The game was close and tense throughout, but the ending was just plain ridiculous theater. On fourth-and-goal from the 4, TCU’s Trevone Boykin threw high to favorite receiver Josh Doctson; the ball glanced off Doctson’s outstretched fingers and into the arms of teammate Aaron Green, who secured the victory while falling out of bounds.

Weak: Rutgers 27, Kansas 14. It was a clash of the Big Ten program with an ever darker cloud over its head than Illinois against the absolute worst Power 5 team imaginable. And … we won’t bore you with the details.

Week: No. 14 Texas A&M 28, Arkansas 21 (OT). It was another crushing loss for Bret Bielema’s Razorbacks (1-3), but they gave a good showing. More important, it kept the revival alive for the 4-0 Aggies, who trailed by eight before scoring a late touchdown and adding a two-point conversion to force overtime on the road. It finally feels like Kevin Sumlin has fully moved on post-Johnny Manziel.


Josh Doctson, WR, TCU: Nothing much to see here from Doctson —merely 18 catches for 267 yards and three touchdowns in a crazy 55-52 victory at Texas Tech. Did we mention those were all career highs for the senior? You probably figured that already.

Ben Grogan, K, Oklahoma State: Poor, poor Texas. It almost seems unfair for the rest of the world to keep treating the Longhorns so unkindly, but what was Grogan supposed to do? He made a 41-yard game-tying field goal with a little over a minute to play, then nailed a 40-yard game-winner at the end as the No. 24 Cowboys prevailed in Austin.

Keenan Reynolds, QB, Navy: Chalk up three more rushing touchdowns for Reynolds in a 28-18 victory at UConn, tying him for second all-time — still four behind former Wisconsin star Montee Ball — in the FBS ranks. Reynolds rushed for 142 yards in all as the Midshipmen moved to 3-0 for the first time since 2006.


Up: Leonard Fournette. The LSU running back — a week after dropping the jaws of Heisman Trophy voters around the country — blew up for 244 yards and a pair of touchdowns in an early game at Syracuse. Right now, this is your leader in that race by a mile.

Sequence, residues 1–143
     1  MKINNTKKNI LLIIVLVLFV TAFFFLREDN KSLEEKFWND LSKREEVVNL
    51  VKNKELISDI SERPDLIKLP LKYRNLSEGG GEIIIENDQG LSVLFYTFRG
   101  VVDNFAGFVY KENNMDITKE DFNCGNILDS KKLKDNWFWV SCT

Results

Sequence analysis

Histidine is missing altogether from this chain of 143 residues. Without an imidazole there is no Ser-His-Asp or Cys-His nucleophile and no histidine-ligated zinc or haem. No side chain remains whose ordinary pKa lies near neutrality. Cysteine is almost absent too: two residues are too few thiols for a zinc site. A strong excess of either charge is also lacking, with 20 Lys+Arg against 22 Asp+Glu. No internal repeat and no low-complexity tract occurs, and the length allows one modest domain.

Down: Charlie Strong. Some of us still think the world of Texas’ struggling coach — good man, principled leader, proven winner — but he’s 7-10 in one of the real pressure-cooker jobs in America. There’s no letup in the schedule, with a visit to TCU next.

Down and out: No. 20 Georgia Tech. The Yellow Jackets were so good by the end of last season, it’s almost shocking that they were easily handled by Notre Dame and Duke the last two weeks. Oh, well. Sometimes Paul Johnson’s triple-option is a big story; other times it really isn’t.


• Ohio State’s quarterback situation continues to be a puzzler. Cardale Jones wasn’t sharp at all in the No. 1 Buckeyes’ easy victory over Western Michigan. J.T. Barrett came in late and threw a pick. It’s not a good situation right now, although almost any other coach would gladly swap problems with Urban Meyer.

• You think Chip Kelly is having a hard time in Philadelphia? Well, he is. Goodness gracious, he is. But that was some kind of strange night in Eugene, Ore., with the Ducks meeting the business end of the 18th-ranked Utah Express.

• No. 25 Missouri has come back down to earth, playing rather poorly thus far and falling to 3-1 with a 21-13 loss at Kentucky. Looks like this isn’t the Tigers’ year in the SEC East, which is a good reminder: Gary Pinkel and his staff can’t be hailed enough for the job they did in winning the East each of the last two years.

Follow me on Twitter @SLGreenberg.

Email: sgreenberg@suntimes.com